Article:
Overall, Nematobrycon lacortei is an excellent addition to a well-planned community aquarium, provided that they are kept with appropriate tank mates and in groups of sufficient size. By following these guidelines, you can create an engaging and vibrant aquatic environment that highlights the natural behavior and beauty of these unique fish.
Sexual dimorphism is present in Nematobrycon lacortei, with adult males and females exhibiting distinct physical differences.
Adult males of this species possess red eyes and more extended dorsal, anal, and caudal fins compared to females. They are also generally more colorful, with brighter and more vibrant hues than their female counterparts. The red coloration around the eyes is particularly noticeable, and adds to the overall striking appearance of the male fish.
On the other hand, adult females of Nematobrycon lacortei possess blue-green eyes and typically appear fuller-bodied than males, especially when gravid. Female fish may also have a slightly different shape to their dorsal, anal, and caudal fins compared to males, which can help to differentiate the sexes.
Observing these differences can be useful for aquarium hobbyists who wish to breed Nematobrycon lacortei, as it allows for easy identification of males and females. It is important to note that breeding this species in captivity requires specific conditions and careful monitoring to ensure the health and success of the breeding process.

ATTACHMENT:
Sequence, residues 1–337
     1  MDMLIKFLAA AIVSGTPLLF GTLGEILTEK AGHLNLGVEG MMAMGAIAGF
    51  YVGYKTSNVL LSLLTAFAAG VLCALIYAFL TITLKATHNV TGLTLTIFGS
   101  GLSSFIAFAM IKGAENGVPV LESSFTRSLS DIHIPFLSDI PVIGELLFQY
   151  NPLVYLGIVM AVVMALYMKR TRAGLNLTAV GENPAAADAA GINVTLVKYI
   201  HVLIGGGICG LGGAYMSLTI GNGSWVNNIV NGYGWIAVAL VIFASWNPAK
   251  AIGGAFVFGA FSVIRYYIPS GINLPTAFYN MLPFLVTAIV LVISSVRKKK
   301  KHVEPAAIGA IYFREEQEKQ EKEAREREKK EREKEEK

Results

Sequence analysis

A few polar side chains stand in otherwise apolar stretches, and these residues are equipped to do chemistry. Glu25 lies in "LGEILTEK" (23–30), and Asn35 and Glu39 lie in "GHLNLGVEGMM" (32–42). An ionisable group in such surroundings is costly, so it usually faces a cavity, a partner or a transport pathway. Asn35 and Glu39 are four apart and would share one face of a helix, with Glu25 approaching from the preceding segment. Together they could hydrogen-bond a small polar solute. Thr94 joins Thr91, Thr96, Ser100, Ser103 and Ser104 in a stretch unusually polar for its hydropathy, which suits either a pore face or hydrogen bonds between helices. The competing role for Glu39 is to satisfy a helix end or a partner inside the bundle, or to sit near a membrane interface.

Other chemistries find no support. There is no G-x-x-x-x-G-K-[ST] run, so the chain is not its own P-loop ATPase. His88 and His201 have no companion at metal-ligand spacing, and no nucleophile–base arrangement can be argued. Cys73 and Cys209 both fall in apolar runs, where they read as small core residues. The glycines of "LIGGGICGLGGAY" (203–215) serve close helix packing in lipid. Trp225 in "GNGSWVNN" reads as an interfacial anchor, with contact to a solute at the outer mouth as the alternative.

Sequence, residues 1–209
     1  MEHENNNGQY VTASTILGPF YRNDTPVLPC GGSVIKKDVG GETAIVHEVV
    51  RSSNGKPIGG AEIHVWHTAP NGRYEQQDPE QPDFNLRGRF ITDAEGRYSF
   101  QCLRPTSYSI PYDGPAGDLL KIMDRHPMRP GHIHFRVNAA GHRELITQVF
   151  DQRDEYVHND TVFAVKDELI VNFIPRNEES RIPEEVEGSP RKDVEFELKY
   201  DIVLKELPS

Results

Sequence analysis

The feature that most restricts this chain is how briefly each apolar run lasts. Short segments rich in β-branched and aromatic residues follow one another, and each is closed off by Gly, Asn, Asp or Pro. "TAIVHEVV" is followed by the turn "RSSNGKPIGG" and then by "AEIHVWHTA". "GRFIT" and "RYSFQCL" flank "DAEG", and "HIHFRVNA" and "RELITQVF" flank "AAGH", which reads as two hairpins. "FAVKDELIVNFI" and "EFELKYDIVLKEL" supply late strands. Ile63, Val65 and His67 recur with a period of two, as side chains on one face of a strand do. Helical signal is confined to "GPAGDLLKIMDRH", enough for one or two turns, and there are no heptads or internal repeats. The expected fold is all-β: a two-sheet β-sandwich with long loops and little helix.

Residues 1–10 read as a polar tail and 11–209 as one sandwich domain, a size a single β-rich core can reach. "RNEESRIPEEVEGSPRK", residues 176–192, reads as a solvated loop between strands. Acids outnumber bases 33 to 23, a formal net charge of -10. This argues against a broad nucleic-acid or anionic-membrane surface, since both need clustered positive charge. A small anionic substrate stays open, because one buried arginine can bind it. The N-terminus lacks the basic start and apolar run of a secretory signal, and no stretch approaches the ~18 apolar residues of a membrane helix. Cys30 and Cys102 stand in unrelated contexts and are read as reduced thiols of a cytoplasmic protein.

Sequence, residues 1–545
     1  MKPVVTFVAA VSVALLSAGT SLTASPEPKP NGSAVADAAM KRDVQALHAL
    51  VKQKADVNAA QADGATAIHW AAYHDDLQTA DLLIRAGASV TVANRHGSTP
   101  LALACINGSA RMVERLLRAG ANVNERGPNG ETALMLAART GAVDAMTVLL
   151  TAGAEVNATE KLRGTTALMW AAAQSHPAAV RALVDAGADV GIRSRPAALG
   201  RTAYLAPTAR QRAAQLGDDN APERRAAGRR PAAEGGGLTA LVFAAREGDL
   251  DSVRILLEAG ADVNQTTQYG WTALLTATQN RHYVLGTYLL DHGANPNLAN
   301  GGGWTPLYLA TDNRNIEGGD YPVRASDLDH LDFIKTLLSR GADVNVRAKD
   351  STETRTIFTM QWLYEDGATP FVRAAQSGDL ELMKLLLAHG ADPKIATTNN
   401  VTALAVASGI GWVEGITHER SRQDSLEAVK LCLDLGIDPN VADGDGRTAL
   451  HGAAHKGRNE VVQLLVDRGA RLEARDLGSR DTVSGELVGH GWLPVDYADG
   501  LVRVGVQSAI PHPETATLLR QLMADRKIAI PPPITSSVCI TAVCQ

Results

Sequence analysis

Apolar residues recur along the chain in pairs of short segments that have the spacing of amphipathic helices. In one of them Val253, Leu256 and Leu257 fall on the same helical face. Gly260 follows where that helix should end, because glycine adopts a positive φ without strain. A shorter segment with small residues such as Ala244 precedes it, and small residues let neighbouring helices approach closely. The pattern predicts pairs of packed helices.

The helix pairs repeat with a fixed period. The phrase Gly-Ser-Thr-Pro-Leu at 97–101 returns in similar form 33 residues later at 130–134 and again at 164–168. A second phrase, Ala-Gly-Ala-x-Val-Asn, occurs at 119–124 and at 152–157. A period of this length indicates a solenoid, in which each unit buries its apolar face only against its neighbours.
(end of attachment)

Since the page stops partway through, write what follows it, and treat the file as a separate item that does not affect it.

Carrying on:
In summary, adult males of Nematobrycon lacortei have red eyes and more extended fins, while females have blue-green eyes and a fuller body. These physical differences provide an easy way to differentiate between the sexes and can be useful for breeding purposes.
Breeding Nematobrycon lacortei is said to be similar to that of its congener, N. palmeri. To successfully breed this species, a small and dimly-lit aquarium should be used, with clumps of fine-leaved plants or spawning mops. Alternatively, a mesh of a large enough grade can be used to cover the aquarium base, allowing eggs to fall through while keeping the adults away from them. It is important to maintain soft and acidic water conditions, with a pH range of 5.0-7.0, gH 1-8, and a temperature of around 75-80°F. A small air-powered sponge filter can also be included in the breeding setup.
To prepare for breeding, it is recommended to condition male and female fish separately. Once the females are noticeably gravid, a single pair should be selected and transferred to the small breeding aquarium in the evening. Spawning typically occurs the following morning, and eggs are deposited in small batches, with spawning continuing for several hours. If eggs are not visible after a couple of days, the fish should be removed and the process repeated with a different pair.